Courtesy of Steph Montgomery

10 Lessons My SO Taught Me About Parenthood

Like it or not, our culture seems to expect different things of dads and moms. Dads are often praised for completing even the most basic parenting tasks, while moms are criticized when they don't do everything perfectly all of the time. It really sucks. On the other side of the equation, however, dads are not expected to be good (or even competent) parents. Dads on sitcoms are often clueless, and when they mess up, moms swoop in to fix their mistakes. So it might surprise you to learn how much my significant other has taught me about parenthood.

Those lessons started from the beginning of our relationship. The very first conversation we had was about bedtime (so sexy, right?). My kids were finally asleep after an hour-long bedtime routine, and his were getting there. He actually messaged me from the big chair outside their rooms, where he sat each night until they fell asleep. I remember thinking that it was so nice to chat with another parent about the realities of being a single parent and strategies for getting your kids to go the f*ck to sleep, when so many times, the people I dated didn't want to hear about my kids at all. Through these stories about his parenting adventures, I got to know him and love him, not only as a man but as a dad, too. Plus, he had so many tricks up his sleeves.

Years later, after blending our families, having a baby together, and facing new challenges as a united front, my partner still teaches me things and shows me new ways to raise our children that I honestly would never have tried, had I not had him in my life.

Get Silly With Your Kids

It's hard to find laughter and break tension when you have a lot on your plate. As parents, we often find ourselves in tough situations, pleading with our children to listen to what we said, eat the food we cooked, and for the love of all that is holy, go to sleep. My significant other has an innate ability to get even the most crabby kid to laugh, or at least crack a smile. Mostly with dad humor, because dad humor totally works.

Fill Your Kids' Buckets

In our family we often talk about feeling happy and sad in terms of buckets. This comes from a brilliant book about kindness called "Have You Filled A Bucket Today." In the story, everybody has an invisible bucket. When it's full, they feel happy, and when it's empty, they feel sad. You can fill someone's bucket through acts of kindness.

When my husband sees that one of our kids is feeling down, he finds a way to fill their bucket via a smile, a high five, a joke, a complement, some one-on-one time, or even a video game. No matter what, and always, he finds out what they need and tries to make it happen.

Find Out If Your Kids Are Hungry

When one of our children is having a hard time (or giving us a hard time), my first question is, "What's wrong with you?" My partner's first question is always, "When did you eat last?" I always forget that we all get cranky when our blood sugar is low.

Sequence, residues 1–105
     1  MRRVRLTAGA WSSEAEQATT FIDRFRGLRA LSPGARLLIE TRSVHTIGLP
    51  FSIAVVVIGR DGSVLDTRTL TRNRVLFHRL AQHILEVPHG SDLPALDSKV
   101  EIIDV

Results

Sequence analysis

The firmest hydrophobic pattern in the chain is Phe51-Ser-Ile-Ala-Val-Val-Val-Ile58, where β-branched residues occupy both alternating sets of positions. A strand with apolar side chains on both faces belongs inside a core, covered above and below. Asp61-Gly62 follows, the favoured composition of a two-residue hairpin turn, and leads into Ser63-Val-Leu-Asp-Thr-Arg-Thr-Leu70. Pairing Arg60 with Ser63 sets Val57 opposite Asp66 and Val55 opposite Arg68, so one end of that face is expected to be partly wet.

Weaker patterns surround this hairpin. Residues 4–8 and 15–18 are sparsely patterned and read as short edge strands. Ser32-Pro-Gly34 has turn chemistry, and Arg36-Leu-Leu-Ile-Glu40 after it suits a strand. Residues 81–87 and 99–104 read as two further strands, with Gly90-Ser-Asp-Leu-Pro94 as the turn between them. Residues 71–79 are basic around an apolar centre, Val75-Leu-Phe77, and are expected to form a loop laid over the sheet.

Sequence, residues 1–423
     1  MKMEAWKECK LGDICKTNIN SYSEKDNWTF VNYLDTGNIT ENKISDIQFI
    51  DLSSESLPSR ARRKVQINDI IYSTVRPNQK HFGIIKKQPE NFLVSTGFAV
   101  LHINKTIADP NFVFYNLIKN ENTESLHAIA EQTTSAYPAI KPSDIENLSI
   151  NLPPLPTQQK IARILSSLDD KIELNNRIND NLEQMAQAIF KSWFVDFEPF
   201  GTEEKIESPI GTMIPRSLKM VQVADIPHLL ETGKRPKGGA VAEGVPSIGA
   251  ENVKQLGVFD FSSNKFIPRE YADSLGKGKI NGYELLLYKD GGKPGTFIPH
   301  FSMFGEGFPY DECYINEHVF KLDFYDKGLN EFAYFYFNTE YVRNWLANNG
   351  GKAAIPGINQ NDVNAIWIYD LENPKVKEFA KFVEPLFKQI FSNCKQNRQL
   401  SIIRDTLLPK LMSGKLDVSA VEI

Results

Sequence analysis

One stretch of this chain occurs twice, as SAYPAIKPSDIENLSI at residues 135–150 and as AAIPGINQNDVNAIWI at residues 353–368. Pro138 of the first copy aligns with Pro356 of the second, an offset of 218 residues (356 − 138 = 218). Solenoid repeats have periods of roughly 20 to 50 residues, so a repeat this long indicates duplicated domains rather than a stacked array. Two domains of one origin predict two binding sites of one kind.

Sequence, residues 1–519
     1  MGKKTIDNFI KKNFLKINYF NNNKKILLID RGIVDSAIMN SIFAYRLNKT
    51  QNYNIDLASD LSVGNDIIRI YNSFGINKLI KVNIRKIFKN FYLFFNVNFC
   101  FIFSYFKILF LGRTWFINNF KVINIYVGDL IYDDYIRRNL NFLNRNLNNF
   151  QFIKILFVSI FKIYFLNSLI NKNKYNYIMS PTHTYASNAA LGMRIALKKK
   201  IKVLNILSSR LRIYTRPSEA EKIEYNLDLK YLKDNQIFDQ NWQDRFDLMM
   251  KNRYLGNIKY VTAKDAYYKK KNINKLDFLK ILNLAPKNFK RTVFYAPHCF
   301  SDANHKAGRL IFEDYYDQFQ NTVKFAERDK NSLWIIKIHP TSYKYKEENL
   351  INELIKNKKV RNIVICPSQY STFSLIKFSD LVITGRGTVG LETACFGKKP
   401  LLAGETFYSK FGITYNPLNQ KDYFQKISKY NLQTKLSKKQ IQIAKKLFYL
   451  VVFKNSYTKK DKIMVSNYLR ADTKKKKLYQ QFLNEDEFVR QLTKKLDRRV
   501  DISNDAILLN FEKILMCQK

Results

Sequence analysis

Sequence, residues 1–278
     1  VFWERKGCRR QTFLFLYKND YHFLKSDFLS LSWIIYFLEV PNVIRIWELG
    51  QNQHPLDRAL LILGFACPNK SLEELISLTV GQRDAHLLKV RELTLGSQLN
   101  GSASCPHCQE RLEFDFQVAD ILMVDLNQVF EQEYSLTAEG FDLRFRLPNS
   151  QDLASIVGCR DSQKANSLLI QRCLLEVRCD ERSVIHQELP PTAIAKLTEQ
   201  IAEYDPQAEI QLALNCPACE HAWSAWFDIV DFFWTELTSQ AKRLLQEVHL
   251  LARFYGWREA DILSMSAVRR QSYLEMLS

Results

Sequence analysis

Do One-On-One Time With Your Kids

Courtesy of Steph Montgomery

Each of our five children thrive when they get one-on-one time with a parent every day. This personal attention shows them that they matter and allows them to shine.

Make Sure Your Kids Take Screen Breaks

As tempting as it is to let your kids watch TV or play video games all day on a Saturday, my husband taught me the importance of screen breaks. While allowing our kids to zone out on screens all day might be the easier way to go in theory, doing so usually backfires. When your kids' bodies need to get some energy out but they've been sitting on the couch all day, they'll probably end up starting a fight club in the basement. Just sayin'.

Tire Your Kids Out

Courtesy of Steph Montgomery

Yes, a little exercise is necessary every day. It helps us all be calmer and sleep better. Do you have crabby or antsy kids? Make them run laps or jump on the trampoline. It seriously works.

Cooperative Games Foster Friendship With Your Kids

Before I met my partner, I had never heard of cooperative games. What's the point of playing a game that no one wins? It turns out there are several, actually. Cooperative games teach team-building, problem-solving, leadership, and collaboration, and when you learn those things, everyone wins.

A Routine For Your Kids Is Key

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It was hard to maintain routines as a single parent, which totally sucked, because kids thrive on routines. My husband is the king of checklists, goal sheets, calendars, and meal plans. We all thrive when we know what to expect.

It's OK To Break The Rules Sometimes

However, it's also OK to break the rules sometimes. I was pretty set in my ways before I met my husband. Our parenting styles were pretty different. I have definitely learned to lighten up on the rules that don't matter.

Find Time For You & Your Partner Every Day

My partner and I need to fill each other's buckets, too. It can be hard to find time to nourish our relationship so it can thrive, though, and especially in the middle of all that parenting we do every damn day. My partner prioritizes time for us frequently, though, whether it's asking each other silly questions (and constantly being surprised by the answers), having spontaneous sexy time, or simply rubbing my tired feet while I feed the baby. It may be hard, but it's totally worth it, and totally makes us better parents.